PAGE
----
I had heard of Mr. Robot for the longest time, the show started back in 2015 and I just knew that it involved hacking. A couple of years after the show finished in 2019, I finally checked it out, and watched it all within exactly one month. I decided to wait to review the show only after watching the whole series, which turned out to be the best decision. Mr. Robot was fantastic and has now positioned itself as one of my all-time favourite TV shows. As for Season 1, it’s really great, and gets you invested in the show quickly.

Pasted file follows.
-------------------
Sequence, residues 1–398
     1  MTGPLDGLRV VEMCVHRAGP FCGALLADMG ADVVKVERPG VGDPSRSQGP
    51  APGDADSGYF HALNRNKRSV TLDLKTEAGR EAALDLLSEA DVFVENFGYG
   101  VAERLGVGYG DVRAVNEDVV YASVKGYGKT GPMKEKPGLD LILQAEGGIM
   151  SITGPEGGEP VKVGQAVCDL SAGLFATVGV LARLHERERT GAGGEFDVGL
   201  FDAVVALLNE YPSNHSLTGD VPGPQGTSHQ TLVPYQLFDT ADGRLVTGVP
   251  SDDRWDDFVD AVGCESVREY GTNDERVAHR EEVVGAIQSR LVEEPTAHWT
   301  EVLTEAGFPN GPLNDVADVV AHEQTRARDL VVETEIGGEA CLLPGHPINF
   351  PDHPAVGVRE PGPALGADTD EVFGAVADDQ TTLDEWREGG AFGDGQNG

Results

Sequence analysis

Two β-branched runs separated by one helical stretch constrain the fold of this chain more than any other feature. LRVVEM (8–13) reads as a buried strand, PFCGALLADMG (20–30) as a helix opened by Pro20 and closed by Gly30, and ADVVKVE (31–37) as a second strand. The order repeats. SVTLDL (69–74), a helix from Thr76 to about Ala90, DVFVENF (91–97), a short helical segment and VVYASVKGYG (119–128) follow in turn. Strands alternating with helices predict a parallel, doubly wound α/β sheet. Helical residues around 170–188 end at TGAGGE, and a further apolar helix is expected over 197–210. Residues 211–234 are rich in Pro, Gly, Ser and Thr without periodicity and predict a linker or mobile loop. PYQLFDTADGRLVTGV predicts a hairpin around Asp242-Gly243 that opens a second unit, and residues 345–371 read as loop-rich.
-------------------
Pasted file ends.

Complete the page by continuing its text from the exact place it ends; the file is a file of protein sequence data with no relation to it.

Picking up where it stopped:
I do think it’s best going into Mr. Robot not knowing a whole lot about it, so really you could just jump into the show immediately. The pilot/first episode is among the best first episodes of a show I’ve seen. It establishes the setting, the situation, the style of the show, the tone, and most importantly the main character. It’s incredibly well written throughout, it’s engaging, the dialogue is great, and it is paced well. The storytelling was great throughout, over time presenting you with information and details that you might not understand straight away, and revealing pieces around it before you figure it out. It’s really not a show you have on in the background, it’s a show that deserves a lot of your attention and energy. It’s also very unpredictable with plenty of twists, and has moments where it gets weird (to vaguely put it). There’s a lot of great worldbuilding on display too. On paper the plot just sounds like it’s about a hacker group (named fsociety) hacking and taking a corporation down (named E Corp, also referred to as Evil Corp by the main character). While that’s part of it, it’s so much more than that. There’s a lot of complexity to it, and even moral ambiguity surprisingly. It’s not all plot focused, it does have some slower moments to add some depth to the characters, which really does elevate things a lot a lot. As I said earlier, the show does involve hacking. There are plenty of movies and shows about hacking and they seem far fetched and unrealistic. Here though it’s actually somewhat accurate to real life, at the very least in contrast to other representations of hacking in pop culture. While the hacking is more realistic, it still manages to be incredibly thrilling in some sequences. With that said, the hacking is a plot device and isn’t what makes the show. It’s not a show purely about hacking, it’s about lead character Elliot and his life, his struggles and the story that surrounds him. It’s a character driven psychological thriller with a technology theme to it. It is a very dark show and isn’t very cheerful, it doesn’t have many light moments, however at the same time it remains an entertaining show. It’s also more complex than you initially think it is at first, and it is very thought provoking. There are some revelations that make you look back at the story and characters in different ways (which will be frequent for the whole series). With that said, there are still plenty of more things that needed to be answered especially at the very end, but just so you know, the next few seasons will give all those answers to you, so stick with it.